The vaccine programme has been rolled out to more children across the UK, but it’s not open to all under 18s just yet.
Health secretary Sajid Javid said that he has asked the NHS to prepare to vaccinate the newly eligible groups “as soon as possible”. Here’s what you need to know as a parent or guardian.
Can my child get the vaccine?
Under previous advice, teens aged 16 to 17 with underlying health conditions which put them at higher risk of serious Covid should have already been offered a jab. The latest announcement extends the vaccine rollout to more vulnerable children.
Vulnerable children between the ages of 12 and 15 will now be offered a Covid vaccine. Those who’ll be offered a jab include children with severe neurodisabilities, Down’s syndrome, immunosuppression and multiple or severe learning disabilities.
The vaccine will also be offered to 17-year-olds who are within three months of their 18th birthday.
The Joint Committee on Vaccination and Immunisation (JCVI) has also recommended that children and young people aged 12 to 17 who live with an immunosuppressed person be offered the vaccine, to indirectly protect their immunosuppressed household contacts.
What vaccine will vulnerable children get?
The medicines regulator, the Medicines and Healthcare products Regulatory Agency (MHRA), has already approved the Pfizer/BioNTech vaccine for use among children aged 12 and over in the UK, so it is likely this is the vaccine they will receive.
Why is there caution about the vaccine for kids?
The government has said it will continue to review whether or not to offer the vaccine to all under 18s.
The caution is due to a lack of available trial data, says Helen Bedford, Professor of Children’s Health at UCL. There’s also a careful balancing act between the benefits of the vaccine vs any potential negative impacts on kids.
“Healthy young people and children become seriously ill with COVID-19 extremely rarely, so there would be few direct benefits for them of vaccination but it would contribute to increasing population immunity,” she explains. “Before recommending vaccination for all children and young people we therefore need to be very clear about of the safety of the vaccines in this group.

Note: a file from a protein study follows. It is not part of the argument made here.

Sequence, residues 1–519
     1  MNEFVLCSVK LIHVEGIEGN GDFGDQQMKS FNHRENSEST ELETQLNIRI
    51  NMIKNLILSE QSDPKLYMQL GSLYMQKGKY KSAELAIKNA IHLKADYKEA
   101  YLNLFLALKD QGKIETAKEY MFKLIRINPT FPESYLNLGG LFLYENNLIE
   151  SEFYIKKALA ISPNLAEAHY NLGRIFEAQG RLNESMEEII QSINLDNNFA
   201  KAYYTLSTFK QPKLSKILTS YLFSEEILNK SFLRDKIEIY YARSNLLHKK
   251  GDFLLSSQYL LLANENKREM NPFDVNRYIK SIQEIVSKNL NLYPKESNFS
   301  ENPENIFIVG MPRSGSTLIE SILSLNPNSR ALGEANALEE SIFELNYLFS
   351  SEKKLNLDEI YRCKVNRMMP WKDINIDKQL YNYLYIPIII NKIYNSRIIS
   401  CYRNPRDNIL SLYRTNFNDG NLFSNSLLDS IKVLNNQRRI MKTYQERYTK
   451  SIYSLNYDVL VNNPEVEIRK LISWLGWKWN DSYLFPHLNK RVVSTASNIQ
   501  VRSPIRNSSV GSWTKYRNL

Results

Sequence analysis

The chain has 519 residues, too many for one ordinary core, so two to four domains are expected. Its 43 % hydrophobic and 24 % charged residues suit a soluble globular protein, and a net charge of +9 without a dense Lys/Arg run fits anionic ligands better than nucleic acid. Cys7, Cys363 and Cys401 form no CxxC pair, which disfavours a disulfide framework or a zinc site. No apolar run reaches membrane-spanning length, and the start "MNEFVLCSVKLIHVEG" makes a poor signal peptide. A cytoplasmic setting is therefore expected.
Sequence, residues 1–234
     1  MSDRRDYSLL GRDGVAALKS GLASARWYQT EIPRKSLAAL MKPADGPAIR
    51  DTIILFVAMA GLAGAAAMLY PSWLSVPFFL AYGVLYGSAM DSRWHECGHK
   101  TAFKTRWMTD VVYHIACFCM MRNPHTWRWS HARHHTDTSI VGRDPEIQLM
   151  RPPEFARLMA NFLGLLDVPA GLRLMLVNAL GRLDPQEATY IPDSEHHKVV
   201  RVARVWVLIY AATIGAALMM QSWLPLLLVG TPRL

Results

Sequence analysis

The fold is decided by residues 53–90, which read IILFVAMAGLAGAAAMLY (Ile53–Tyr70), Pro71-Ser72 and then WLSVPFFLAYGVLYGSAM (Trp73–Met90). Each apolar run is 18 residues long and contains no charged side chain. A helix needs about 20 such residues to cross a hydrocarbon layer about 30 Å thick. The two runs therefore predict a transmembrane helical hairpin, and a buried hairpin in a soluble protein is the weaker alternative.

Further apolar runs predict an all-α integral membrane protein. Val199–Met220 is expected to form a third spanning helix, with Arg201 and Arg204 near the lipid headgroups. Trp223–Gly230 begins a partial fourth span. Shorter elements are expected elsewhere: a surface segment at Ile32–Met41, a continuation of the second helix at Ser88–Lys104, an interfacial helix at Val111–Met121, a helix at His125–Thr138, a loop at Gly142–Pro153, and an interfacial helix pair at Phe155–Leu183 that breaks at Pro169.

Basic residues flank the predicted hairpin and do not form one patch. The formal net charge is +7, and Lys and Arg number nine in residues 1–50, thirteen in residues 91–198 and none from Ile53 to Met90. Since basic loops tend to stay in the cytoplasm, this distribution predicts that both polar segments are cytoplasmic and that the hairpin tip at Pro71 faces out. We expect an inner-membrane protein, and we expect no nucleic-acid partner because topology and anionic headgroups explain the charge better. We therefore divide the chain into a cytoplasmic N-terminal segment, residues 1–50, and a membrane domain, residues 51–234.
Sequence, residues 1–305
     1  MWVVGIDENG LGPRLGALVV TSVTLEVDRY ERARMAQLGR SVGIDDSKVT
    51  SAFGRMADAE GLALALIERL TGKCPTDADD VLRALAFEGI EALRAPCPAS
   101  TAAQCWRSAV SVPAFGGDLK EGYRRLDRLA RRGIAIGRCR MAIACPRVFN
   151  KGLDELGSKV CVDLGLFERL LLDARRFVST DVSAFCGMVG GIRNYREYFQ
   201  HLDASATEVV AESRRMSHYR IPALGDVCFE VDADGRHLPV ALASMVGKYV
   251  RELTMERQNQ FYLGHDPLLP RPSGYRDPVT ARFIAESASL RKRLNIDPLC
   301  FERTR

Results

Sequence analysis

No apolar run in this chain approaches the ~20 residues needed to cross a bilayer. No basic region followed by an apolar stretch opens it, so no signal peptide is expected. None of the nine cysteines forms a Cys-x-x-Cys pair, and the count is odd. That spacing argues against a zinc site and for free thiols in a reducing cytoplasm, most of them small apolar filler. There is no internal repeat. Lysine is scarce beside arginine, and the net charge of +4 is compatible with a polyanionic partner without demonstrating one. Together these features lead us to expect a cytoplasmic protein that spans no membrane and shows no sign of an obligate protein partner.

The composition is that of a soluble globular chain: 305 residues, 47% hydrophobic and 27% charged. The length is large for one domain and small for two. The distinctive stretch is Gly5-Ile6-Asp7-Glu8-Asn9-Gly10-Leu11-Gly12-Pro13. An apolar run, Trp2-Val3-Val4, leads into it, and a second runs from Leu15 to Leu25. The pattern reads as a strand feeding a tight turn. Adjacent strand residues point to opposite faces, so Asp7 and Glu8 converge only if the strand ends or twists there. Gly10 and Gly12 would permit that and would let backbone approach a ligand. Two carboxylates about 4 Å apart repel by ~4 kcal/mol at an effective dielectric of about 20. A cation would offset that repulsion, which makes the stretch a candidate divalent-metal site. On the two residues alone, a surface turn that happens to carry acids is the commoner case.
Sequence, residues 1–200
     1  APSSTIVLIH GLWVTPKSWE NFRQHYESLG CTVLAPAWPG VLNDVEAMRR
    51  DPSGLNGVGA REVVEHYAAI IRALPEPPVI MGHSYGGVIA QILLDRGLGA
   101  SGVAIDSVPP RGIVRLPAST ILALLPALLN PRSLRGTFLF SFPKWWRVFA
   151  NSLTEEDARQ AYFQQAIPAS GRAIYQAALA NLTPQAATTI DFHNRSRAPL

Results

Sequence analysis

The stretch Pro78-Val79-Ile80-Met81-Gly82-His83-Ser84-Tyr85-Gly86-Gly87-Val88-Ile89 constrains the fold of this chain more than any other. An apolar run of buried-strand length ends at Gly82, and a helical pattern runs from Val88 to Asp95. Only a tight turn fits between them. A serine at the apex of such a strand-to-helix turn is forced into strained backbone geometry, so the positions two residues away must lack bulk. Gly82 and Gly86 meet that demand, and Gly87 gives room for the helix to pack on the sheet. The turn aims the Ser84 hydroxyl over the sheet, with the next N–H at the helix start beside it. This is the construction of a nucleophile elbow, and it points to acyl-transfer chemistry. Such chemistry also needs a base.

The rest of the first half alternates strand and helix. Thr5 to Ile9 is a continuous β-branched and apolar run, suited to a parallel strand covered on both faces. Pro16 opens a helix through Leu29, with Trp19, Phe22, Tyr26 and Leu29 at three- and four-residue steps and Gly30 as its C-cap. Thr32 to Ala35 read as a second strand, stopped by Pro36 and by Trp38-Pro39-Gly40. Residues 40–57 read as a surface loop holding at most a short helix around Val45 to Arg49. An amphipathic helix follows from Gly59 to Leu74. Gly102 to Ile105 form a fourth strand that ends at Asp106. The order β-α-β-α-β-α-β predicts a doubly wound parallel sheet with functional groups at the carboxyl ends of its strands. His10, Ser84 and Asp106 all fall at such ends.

“Although there is now good trial data and experience of vaccinating very large numbers of adults and the vaccines have been shown to be safe, we cannot automatically assume this applies to children. More information is needed from trials and experience of using these vaccines in young people and children before the programme is rolled out further.”
What are other countries doing?
Nearly half of European countries have decided to offer the vaccine to children aged 12 and over, including France, Spain, Italy and Austria. Some vaccination programmes have started, while others are imminent, with plans to vaccinate children before the new school term in September widespread.
What about long Covid?
While children are less likely to suffer severe illness from coronavirus, they aren’t untouchable. Hundreds of children in the UK are struggling with long Covid months after becoming sick.
In rare instances, some children have developed a multi-system inflammatory syndrome linked to Covid-19 which can lead to organ damage. Scientists will consider this when continuing to weigh up the pros and cons of vaccines.